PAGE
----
Here he is having difficulty relating to his peers. It's so hard for him to connect with other children.
Imaganitive play is a real struggle.
If only he were more aware of other people...
He really can't get out of his comfort zone and try new things. Just won't take risks...
Here he is. Autistic kids don't make eye contact, ya know.
Here is an Autistic kid... They really don't do well in crowds.
That's MY AMAZING BOY. On stage all alone. In front of a hundred people. Playing music.
When was the last time you did that?
He's doing just what his Autistic, AWESOME little self always does.
Kicking you-know-what and taking names.
I was never as dedicated to practicing as I should have been. I have never not been a musician, never not had something that I should be working on. But the hard work and dedication aspect of musicianship was never really my strength...
Shocking. I know.
But I was much more interested in hanging out with my friends... and holding warm cups of chai tea in my little hands across the street at the coffee shop. That was infinitely more appealing than practicing. Honestly, I have no idea how I even managed to scrape by.
But as the mom now, I am able to have a different perspective.
Practicing really does make a difference.
No, seriously. It makes you better.
I know!!! It blows my mind too.
Seeing how much better Lucas and Max do on the violin with just a little bit of regular practice has really made me want to be more diligent about it.
I'm the one who has to be dedicated to their music at this stage of the game. I can't really just say, "Hey boys. Go practice." It isn't like washing their hands. I have to be there, helping and instructing every tiny step of the way. Which actually... If I want their hands to be really clean... I have to be there for that too... because boys are gross.
But I digress.
Every music teacher I ever had, that's who. Oh, I shudder to imagine my college horn professor reading these lines... I would be in trouble... But not too much. Because even though I was a horrible student... He loved me anyways.
I've been really trying to practice more with the boys. Max has really improved, and I'm so proud of him. Last week after an amazing display of virtuosic prowess (ummm, okay. that's a bit of a stretch. But it really was much better). I told him. "Max! you are going to knock Miss Jody's socks off at your next lesson!"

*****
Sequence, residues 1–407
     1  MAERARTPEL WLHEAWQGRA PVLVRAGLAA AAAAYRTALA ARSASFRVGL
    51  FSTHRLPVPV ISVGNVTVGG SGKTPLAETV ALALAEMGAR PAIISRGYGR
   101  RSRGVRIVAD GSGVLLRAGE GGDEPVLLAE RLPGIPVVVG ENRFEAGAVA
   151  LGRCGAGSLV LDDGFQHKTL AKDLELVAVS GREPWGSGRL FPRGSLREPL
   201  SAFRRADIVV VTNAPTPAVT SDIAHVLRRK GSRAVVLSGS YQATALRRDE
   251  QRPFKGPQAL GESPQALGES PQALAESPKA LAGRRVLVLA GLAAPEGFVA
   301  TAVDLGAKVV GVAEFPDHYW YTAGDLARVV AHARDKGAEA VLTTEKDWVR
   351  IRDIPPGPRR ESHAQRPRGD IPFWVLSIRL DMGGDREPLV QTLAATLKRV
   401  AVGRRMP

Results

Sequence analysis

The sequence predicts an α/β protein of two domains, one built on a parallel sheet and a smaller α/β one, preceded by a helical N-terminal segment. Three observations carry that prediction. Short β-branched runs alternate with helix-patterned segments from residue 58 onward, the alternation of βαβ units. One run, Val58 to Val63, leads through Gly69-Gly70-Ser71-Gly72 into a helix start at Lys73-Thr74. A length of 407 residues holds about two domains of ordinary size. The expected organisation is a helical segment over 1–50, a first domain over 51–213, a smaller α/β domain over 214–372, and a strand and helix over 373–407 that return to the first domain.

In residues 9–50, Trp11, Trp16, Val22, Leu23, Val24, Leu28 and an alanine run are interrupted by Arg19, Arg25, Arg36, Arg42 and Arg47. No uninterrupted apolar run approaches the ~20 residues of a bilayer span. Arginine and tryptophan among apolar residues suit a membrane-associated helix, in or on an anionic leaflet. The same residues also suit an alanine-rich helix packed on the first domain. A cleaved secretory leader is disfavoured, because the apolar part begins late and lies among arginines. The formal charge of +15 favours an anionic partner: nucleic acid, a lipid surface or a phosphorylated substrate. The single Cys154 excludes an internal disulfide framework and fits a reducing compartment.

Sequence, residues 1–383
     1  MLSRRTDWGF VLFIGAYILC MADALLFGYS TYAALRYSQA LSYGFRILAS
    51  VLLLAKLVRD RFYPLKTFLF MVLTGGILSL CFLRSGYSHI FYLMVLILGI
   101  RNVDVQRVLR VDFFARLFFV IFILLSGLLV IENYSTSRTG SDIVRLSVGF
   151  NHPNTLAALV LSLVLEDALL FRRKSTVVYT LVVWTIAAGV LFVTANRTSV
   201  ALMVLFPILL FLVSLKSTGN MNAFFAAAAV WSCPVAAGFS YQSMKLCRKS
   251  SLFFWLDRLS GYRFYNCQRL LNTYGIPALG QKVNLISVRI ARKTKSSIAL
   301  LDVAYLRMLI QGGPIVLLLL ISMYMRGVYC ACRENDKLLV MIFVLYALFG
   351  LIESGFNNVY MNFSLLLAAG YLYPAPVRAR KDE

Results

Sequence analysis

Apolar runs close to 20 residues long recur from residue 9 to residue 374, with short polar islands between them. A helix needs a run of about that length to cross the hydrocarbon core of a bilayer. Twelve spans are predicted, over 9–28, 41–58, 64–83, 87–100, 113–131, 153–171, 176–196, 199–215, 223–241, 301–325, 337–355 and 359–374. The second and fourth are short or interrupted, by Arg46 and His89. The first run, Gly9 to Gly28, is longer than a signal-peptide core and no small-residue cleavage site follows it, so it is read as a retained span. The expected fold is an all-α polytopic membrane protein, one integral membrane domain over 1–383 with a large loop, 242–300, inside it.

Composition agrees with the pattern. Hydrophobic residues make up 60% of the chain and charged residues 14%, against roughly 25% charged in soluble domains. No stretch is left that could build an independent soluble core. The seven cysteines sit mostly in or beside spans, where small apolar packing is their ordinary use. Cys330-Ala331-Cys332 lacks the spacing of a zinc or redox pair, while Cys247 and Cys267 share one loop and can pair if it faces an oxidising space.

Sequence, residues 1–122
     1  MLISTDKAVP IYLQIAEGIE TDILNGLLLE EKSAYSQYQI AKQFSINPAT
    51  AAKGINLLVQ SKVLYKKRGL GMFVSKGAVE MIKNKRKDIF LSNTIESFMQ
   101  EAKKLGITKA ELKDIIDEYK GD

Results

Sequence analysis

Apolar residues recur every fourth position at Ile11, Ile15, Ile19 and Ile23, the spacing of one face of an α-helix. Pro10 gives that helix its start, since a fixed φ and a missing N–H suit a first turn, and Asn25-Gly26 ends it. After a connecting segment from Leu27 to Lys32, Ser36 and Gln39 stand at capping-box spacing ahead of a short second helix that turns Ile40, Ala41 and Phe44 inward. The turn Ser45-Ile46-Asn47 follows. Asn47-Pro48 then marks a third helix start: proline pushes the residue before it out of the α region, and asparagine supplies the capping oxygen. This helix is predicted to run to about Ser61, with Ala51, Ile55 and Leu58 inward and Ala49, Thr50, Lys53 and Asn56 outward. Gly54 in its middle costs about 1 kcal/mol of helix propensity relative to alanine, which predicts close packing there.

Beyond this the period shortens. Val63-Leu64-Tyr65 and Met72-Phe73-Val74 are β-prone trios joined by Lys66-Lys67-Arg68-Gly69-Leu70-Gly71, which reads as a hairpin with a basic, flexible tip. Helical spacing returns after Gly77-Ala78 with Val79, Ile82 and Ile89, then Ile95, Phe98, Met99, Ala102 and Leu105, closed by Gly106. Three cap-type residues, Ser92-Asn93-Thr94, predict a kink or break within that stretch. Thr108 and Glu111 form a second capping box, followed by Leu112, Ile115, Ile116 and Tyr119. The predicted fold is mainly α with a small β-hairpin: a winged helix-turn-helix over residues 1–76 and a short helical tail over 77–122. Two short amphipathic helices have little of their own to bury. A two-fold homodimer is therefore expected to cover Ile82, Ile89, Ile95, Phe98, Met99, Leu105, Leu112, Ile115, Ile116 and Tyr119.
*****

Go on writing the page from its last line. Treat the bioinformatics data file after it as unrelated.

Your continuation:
Yesterday after school the boys were eating a little snack of clean vegan cookies (that is another story, Gentle Reader. But I actually got my kids to eat them. And I'm feeling pretty self satisfied and smug about it. So you can bet your boots your going to hear ALL about it next week.), and Max said, "Mom! I am going to knock Miss Jody's head off!"
We've definitely gotten a little more violent around here, what with the Power Rangers, and Star Wars, and Super Heroes, and the general fighting of bad guys that goes on around here every minute of every day. But I thought this was going a little far. Jody is a sweet lady and we all love her very much. Knocking her head off was a bit excessive.
"Max! That isn't a very nice thing to say!"
He paused for a second.
"I mean her socks. I'm going to knock Miss Jody's socks off! And her shoes!"
He did, too. Max had a fantastic lesson. His focus and attention have improved so much. I'm so proud of my little guy. He was pretty proud of himself, too. He laughed with delight at her exaggerated shock at his performance. His sweet face beaming.
Then I noticed his bright blue eyes dart down to her feet... Checking to see if she was still wearing her shoes and socks.
Last week we were in Colorado celebrating my grandparents' 90th birthdays. That's them. Aren't they the cutest things ever? Ever ever?
The first dance...
this is the video I put together for their party. Photos of them looking young and gorgeous. And on horses. And with fish. Oh, so many fish. And me too. In a cowboy hat. If on a mobile device, you can watch here.
(try here if on an mobile device.)